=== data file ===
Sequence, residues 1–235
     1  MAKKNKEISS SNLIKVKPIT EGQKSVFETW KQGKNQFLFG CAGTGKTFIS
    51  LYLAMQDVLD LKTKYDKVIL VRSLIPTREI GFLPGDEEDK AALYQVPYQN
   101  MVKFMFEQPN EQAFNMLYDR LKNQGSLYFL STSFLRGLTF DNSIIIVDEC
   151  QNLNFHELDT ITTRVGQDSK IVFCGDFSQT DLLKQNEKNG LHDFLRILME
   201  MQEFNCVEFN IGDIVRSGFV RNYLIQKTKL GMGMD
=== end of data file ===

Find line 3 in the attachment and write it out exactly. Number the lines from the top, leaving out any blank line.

    51  LYLAMQDVLD LKTKYDKVIL VRSLIPTREI GFLPGDEEDK AALYQVPYQN